There is something to be said about life and how we view it through our eyes as children. As a child things looked so big to me. When I was 7 years old my aunt Peggy took me and my cousin Mike to see STAR WARS. It was the first time I had ever been to a drive-in theater and when the movie began everything in front of me was so big. I remember every moment of that night as if it just happened today.
I wasn’t aware at that time of the seismic shift it would send through Hollywood and how movies moving forward would be made. I do however remember waking up the very next morning thinking I had just witnessed something I would never forget. And, for the rest of my summer all I would talk about was STAR WARS.
As a little boy growing up where the kids in my neighborhood changed their attitudes toward me like we changed clothes every day, STAR WARS was my refuge. It became my saving grace from the boredom that would come when those kids I played with decided to play with someone else and shut me out. My imagination helped me feel better about myself and raise my self-esteem levels when they tried so hard to knock it down.
It wasn’t Luke Skywalker or Han Solo or Princess Leia that I identified with. I thought Darth Vader and the stormtroopers were bad ass. But, they were not the ones I thought stood out to me at that age. And, when you think of how big and how powerful the Empire was in that movie, it would be real easy to side with the mightier force. But, not even the heavy-hitters of the Empire could ever surpass the child-like wonder, uncertainty about the future, or sometimes scared feelings that R2-D2 conveyed to me.
I might not have known then that a little person was inside that shell of plastic and wires, but as I grew older and came to know the truth, it didn’t crack my belief in a little droid that always could. Quite to the contrary, it made me believe even more that there was nobody in that robot. Kenny Baker achieved more unseen than Anthony Daniels as C-3PO ever could; at least to me.
When I met him at Ghoulardifest in Cleveland in 1999, Kenny Baker was kind, considerate, and eager to know what STAR WARS meant to me and how I had come to love it so much. Since I was helping Big Chuck and Li’l John at the event, I was able to interact with him quite a lot that day. He and his wife were so excited whenever someone came up to their table.
Kenny got to know everyone. He made friends fast among the kids who came to see him. These kids were the generation that came after me and their parents. Kenny welcomed them all to his table; old and young, as if they were his own children and grandchildren. He was very unassuming and eager to share stories from the set or what it was like to try and turn R2’s dome. “It was on a track of ball bearings and I could not turn it too far or the wires would get wrapped around my neck.” He went on to say; “George told me to make R2-D2 look happy. I thought, ‘”How am I going to do that? They couldn’t see me inside the thing. So I would just smile and look happy. And, he was right because it seemed to work.”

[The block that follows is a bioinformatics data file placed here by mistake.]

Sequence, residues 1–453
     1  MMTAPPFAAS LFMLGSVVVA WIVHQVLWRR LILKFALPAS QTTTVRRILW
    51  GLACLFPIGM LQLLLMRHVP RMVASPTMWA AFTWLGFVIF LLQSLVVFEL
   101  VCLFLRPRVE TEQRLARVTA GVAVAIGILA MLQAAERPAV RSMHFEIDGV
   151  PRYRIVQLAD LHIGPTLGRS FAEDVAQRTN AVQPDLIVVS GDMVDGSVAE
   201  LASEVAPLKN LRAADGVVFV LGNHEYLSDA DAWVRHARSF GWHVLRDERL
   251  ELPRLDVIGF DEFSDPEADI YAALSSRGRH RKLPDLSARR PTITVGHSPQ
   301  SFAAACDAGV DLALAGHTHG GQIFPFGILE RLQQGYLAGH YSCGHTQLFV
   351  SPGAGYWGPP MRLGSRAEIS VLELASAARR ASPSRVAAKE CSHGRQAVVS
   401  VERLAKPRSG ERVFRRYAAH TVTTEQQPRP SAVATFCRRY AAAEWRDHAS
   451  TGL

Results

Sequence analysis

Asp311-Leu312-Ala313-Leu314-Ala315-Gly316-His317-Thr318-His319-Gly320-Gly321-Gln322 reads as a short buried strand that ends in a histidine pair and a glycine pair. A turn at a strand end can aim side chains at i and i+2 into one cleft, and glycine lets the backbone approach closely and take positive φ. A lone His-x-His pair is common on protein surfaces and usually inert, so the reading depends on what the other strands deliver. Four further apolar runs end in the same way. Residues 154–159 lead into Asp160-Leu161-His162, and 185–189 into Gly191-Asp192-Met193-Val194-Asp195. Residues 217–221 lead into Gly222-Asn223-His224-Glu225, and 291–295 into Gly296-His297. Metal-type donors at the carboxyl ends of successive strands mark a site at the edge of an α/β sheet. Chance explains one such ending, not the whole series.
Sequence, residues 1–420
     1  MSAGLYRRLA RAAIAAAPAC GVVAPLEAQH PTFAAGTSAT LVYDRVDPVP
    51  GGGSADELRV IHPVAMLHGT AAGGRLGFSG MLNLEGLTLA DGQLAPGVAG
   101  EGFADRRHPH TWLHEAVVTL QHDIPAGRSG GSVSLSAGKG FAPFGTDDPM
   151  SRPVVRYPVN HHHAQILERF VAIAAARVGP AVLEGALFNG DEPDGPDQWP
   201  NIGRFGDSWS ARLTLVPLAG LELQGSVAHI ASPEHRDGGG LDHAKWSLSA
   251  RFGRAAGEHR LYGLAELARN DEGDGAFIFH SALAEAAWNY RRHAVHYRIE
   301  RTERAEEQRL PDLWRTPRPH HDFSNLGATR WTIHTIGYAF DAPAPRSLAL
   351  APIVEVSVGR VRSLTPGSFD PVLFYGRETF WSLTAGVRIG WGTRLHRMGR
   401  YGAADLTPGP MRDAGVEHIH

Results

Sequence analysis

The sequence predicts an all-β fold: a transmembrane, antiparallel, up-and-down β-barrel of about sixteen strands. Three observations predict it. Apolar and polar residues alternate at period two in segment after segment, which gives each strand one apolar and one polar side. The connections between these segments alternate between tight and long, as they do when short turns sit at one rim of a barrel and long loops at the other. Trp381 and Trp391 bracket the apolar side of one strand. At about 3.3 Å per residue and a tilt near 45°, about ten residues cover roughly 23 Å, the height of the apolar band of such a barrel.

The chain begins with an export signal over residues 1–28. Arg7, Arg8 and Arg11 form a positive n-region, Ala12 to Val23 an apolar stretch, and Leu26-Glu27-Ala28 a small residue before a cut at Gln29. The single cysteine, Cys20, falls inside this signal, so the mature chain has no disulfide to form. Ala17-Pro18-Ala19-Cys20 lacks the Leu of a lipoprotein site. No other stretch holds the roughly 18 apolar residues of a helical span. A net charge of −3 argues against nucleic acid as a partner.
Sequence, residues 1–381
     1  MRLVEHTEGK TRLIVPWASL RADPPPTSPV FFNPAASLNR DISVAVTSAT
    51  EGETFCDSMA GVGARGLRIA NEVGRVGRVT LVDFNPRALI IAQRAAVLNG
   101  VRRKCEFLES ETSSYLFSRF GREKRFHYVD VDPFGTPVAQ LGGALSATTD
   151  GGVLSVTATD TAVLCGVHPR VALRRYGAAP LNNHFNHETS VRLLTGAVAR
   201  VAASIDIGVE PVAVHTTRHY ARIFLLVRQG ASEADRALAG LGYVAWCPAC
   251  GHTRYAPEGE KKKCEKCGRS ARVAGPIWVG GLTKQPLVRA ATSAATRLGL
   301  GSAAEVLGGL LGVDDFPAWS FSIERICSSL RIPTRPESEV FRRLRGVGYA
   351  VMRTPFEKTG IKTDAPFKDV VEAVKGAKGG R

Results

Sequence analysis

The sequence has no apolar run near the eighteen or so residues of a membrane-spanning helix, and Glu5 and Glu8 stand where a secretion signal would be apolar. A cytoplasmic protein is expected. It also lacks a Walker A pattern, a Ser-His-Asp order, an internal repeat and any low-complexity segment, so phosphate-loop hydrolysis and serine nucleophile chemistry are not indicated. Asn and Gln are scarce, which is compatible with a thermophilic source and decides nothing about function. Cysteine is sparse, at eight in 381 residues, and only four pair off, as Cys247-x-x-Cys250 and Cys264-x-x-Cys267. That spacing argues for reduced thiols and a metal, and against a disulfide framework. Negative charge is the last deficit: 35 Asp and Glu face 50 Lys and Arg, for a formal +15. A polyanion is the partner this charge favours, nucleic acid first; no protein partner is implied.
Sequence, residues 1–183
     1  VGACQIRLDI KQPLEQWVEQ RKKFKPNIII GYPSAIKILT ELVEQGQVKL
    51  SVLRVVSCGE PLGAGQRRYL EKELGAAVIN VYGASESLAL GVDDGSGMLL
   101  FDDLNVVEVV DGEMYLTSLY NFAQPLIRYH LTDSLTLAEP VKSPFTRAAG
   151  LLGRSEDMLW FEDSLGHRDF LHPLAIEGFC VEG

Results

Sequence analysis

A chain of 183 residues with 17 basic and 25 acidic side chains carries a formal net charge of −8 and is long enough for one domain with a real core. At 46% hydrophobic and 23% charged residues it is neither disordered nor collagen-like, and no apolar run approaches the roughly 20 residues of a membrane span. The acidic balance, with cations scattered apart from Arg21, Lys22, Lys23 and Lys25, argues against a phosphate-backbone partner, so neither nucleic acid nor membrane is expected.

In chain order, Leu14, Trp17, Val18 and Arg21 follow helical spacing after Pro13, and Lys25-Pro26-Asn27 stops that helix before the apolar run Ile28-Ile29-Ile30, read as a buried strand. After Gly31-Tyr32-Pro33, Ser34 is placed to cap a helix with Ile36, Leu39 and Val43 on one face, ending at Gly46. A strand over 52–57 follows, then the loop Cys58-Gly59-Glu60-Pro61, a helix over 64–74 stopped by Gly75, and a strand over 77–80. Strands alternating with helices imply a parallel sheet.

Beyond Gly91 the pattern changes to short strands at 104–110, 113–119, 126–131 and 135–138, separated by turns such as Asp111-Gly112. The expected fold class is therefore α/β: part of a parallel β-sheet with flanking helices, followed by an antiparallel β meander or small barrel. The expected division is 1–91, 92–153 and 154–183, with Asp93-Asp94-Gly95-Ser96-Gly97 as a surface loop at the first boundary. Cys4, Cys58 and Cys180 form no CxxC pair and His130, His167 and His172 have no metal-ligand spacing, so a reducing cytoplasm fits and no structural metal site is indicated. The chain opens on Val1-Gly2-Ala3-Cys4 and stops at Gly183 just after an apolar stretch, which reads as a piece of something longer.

Over those ten hours he signed a lot of pictures and I walked by his table as he was packing it in and said; “What a great time we all had.” He looked at me, smiled, jokingly stuck his tongue out as if he were exhausted, and quipped back; “I love doing this for people. It always makes me happy. I love giving back their love.”
As we said our goodbyes, we exchanged handshakes, and his wife gave me a hug and a kiss on my cheek. When they walked out to their car that was waiting to take them back to their hotel near the airport, Kenny looked back at me as I was carrying a table out with another worker. “May The Force be with you, Tom.” he smiled. I said; “May The Force be with you, too Kenny.” And he pulled his door shut and the car drove them away.
Kenny Baker may have become one with The Force yesterday, but no matter how you see him (or don’t); in the six STAR WARS films he made inside the R2-D2 costume, or if you met him at a convention. Nobody could disarm you with their smile, charm, or wit better than Kenny. Every person who approached him was given their fair share of time with him. And there was no ego.
I know that R2-D2 came across onscreen as an evolving child. As one myself once, I grew to appreciate him for what he was. He was a myth. He was a fantasy. He was a fairy tale. He was a child who always tried to please his parents or, in this case, parent (C-3PO) and his masters. When I watch the original film now, it will be with a slight feeling of melancholy. After all, a piece of my childhood went with Kenny Baker yesterday and although he has become one with The Force, it is nice to know that the iconic droid he left us on film will outlast all of us in the end.
Perhaps it is that iconic droid we all came to believe in and love that will become his legacy. We will never know what Kenny Baker was saying under R2-D2’s dome itself. He was so vulgar they bleeped out every single word he spoke in the movie. Maybe that too will be his legacy.
Goodbye Kenny. And thank you for teaching me as a young child, as well as now, 39 years later, that it will always be okay to be a kid at heart. Your journey has only just begun. Enjoy your travels and your rest. You’ve certainly earned them.